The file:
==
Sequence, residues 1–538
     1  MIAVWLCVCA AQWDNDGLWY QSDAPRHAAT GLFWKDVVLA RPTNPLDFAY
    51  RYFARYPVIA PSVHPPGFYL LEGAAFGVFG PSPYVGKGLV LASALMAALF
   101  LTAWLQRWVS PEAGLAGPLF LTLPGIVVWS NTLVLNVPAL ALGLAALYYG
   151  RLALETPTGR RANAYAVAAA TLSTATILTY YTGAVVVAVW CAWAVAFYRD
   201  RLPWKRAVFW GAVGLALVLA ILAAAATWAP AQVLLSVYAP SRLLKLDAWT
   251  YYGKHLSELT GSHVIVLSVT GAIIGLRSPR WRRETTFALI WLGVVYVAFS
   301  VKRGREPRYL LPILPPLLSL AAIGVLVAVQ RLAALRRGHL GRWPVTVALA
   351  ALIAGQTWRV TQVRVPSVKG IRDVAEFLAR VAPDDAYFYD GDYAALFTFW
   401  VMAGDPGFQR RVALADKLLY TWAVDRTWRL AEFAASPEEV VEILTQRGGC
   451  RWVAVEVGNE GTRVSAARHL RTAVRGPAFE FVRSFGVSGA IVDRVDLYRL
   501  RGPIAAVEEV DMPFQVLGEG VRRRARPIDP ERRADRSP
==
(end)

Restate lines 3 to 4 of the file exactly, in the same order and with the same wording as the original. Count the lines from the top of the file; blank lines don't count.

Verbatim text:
    51  RYFARYPVIA PSVHPPGFYL LEGAAFGVFG PSPYVGKGLV LASALMAALF
   101  LTAWLQRWVS PEAGLAGPLF LTLPGIVVWS NTLVLNVPAL ALGLAALYYG